Developer Interview : Paper-Castle Games!
After playing through Underhero (viewable here), it only made sense to find out more about this excellent game. After getting into contact with Paper Castle Games, the creators of Underhero, I set up a little interview, so that you could learn what goes into making a game like this!
- How did work begin on Underhero?
Rafael Cabrera (the programmer) and me, Alvaro Dominguez (artist), started thinking about Underhero around mid 2013. We had just finished working on our first game, Aeromagnets, a simple arcade style game for android devices. Having a little more confidence with the Unity engine, we decided to tackle a bigger game, an RPG story.
At the time, we designed Underhero (or RPG guy, as we called it) as a bite-sized RPG for mobile devices, with short 10-minute procedural dungeons and a very simple combat system. The procedural part proved to be too much for us, so we decided to scrap it and make a proper console style game. Story, dungeons, a bunch of characters, a more robust combat system, upgrades, you name it! (Spoiler alert, all of this was a lot more work than we originally thought.)
When we entered production, it took us around two years to learn and understand what we were actually doing. We had to scrap and re-do a lot of what we had made because it was simply not good! We made a ton of mistakes, but we learned a lot too.
As they say in this industry: “fail, and fail faster”. We even failed at that too, ha!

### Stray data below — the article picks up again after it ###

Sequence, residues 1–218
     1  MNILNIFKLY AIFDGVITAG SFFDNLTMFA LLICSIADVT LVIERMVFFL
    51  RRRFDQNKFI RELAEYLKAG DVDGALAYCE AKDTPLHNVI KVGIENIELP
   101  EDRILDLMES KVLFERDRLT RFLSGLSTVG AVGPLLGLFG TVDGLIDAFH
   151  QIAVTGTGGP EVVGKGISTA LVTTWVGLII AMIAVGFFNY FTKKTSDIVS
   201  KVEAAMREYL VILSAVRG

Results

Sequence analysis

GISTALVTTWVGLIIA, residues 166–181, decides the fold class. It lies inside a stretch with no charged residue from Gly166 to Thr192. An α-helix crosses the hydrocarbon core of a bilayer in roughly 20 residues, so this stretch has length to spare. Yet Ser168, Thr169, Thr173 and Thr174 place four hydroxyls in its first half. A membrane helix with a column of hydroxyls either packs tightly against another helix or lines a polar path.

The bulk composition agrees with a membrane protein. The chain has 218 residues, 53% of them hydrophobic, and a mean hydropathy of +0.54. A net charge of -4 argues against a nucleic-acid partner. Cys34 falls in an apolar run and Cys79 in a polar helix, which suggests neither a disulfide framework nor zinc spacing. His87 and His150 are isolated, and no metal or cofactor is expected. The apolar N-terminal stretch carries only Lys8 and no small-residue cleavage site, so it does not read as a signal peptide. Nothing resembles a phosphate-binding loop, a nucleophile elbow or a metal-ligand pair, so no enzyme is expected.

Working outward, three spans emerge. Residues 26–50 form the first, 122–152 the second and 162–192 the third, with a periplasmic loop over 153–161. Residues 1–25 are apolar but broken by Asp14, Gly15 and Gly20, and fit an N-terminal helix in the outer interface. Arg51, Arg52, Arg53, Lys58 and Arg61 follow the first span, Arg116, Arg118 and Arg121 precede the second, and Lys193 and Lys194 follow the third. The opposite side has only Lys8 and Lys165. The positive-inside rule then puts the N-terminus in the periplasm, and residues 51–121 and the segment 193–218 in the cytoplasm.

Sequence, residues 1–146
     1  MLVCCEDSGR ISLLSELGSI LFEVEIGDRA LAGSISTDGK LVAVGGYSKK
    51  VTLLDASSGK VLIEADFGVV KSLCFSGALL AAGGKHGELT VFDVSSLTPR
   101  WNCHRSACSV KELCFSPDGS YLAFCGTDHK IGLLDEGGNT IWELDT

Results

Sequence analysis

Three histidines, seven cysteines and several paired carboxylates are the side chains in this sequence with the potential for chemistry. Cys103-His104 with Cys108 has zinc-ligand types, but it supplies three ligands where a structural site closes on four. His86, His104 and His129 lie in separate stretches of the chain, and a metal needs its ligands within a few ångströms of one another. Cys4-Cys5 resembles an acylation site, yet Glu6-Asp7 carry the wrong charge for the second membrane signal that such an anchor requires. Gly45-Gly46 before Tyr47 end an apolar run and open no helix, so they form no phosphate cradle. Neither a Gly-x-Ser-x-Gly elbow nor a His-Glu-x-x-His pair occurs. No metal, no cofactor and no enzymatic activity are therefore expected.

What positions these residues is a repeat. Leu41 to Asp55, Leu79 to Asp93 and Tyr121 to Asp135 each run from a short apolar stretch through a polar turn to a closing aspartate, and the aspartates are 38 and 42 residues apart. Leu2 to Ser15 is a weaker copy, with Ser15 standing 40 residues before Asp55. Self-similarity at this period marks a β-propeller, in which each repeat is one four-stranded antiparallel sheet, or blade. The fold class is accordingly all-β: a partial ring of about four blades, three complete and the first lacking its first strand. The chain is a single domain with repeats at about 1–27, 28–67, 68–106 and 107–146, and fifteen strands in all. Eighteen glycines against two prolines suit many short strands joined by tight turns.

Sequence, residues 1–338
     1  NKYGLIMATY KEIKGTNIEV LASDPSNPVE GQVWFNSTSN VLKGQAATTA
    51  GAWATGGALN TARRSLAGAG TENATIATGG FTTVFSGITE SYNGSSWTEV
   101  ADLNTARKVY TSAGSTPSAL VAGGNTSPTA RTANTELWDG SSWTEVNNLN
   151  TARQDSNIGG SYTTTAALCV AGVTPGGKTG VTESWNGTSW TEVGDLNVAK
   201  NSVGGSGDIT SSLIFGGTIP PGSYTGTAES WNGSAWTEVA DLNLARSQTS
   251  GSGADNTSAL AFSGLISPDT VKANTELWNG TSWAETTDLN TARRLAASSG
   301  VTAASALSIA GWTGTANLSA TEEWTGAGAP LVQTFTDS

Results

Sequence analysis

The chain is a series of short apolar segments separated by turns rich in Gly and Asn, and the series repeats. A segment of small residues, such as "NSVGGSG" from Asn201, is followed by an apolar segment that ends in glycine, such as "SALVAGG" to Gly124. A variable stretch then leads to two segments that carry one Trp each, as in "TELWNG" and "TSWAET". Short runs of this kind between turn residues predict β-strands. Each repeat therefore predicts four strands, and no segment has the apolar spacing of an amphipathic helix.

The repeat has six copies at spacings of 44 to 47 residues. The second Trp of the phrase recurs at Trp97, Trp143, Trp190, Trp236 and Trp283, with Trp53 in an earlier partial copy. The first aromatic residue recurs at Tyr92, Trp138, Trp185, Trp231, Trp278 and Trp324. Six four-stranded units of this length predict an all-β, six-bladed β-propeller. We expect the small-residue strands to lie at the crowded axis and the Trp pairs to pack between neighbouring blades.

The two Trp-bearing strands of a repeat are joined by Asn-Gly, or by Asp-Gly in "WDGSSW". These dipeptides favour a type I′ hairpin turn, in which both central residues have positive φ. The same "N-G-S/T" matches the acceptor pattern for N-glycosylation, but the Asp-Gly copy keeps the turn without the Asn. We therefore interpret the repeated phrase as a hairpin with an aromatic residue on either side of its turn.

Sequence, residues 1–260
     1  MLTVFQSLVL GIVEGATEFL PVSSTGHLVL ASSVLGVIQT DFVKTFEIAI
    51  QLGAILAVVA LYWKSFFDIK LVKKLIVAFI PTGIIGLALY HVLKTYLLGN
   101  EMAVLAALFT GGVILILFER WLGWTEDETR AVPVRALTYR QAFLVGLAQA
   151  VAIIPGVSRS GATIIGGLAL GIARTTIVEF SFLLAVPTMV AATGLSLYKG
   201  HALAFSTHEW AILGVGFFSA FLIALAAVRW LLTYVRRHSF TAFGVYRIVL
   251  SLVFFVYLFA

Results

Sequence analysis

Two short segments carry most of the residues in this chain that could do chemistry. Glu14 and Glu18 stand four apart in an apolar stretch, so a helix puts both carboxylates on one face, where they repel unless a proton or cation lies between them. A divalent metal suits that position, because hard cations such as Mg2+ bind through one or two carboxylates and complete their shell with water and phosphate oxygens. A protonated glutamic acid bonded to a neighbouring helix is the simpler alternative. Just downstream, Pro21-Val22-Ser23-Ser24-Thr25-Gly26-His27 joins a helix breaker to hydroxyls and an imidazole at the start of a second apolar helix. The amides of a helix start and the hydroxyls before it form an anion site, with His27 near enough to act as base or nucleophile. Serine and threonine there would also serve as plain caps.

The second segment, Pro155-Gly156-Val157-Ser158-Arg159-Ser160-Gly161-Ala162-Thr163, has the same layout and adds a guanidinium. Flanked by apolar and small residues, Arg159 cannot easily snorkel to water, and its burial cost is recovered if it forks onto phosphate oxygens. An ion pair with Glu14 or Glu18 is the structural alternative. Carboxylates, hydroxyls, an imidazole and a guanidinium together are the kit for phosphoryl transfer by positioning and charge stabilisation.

Both of us graduated from our respective universities while working on Underhero. Rafael graduated around 2014 and I graduated by the end of 2016. It could be said that we only started working full-time very recently!
- How did you come up with the unique battle mechanic of rhythm-based skirmishes?
I would like to clarify that Underhero is not exactly a rhythm-based game. We have a couple of extra mechanics that take advantage of the music, but it is not the core of the battle system.
We came up with this system by combining bits and pieces from our favorite battle systems: Paper Mario’s button presses and timing, Mario & Luigi’s dodging attacks, the stamina meter in Dark Souls, Mother 3 music combos, and many others!
Underhero’s combat is better described as a turn-based battle system, without turns! It’s all about timing your attacks and your dodges correctly. We call it “timing-based” combat. The player has to evade enemy attacks by jumping or crouching, and successfully dodging rewards the player with more stamina for more attacks. So, it’s a balancing act between consuming and regaining stamina.
Every enemy attack has hints or tells that let the player know exactly which attack is coming. It’s all about memorizing these patterns, and reacting accordingly. You could even beat the game without getting hit once!
- In the game’s description you state inspiration from the Paper Mario series. Can you give any examples about where that inspiration affected the game?
Aside from the already mentioned battle system, we tried to reflect a lot of the story beats and humor of Paper Mario in our game, with an added element of parody and self-awareness.
Enemies being just normal people with a job is one example that we wanted to expand upon, so we basically took that idea as basis and ran with it. As a minion, you live below the main castle where all minions live. They have a cafeteria, their own apartments, a syndicate, a theater… They complain about patrolling, or setting up puzzles, etc.
Another of our main inspirations from Paper Mario would be the characters. We simply love quirky and funny characters, and we think it makes a story or a game much more engaging if the characters are complex and interesting instead of one-dimensional. For example, our main villain, Mr. Stitches, truly cares for his minions and he can be very goofy most of the time, but he can also be cold and menacing when he’s serious.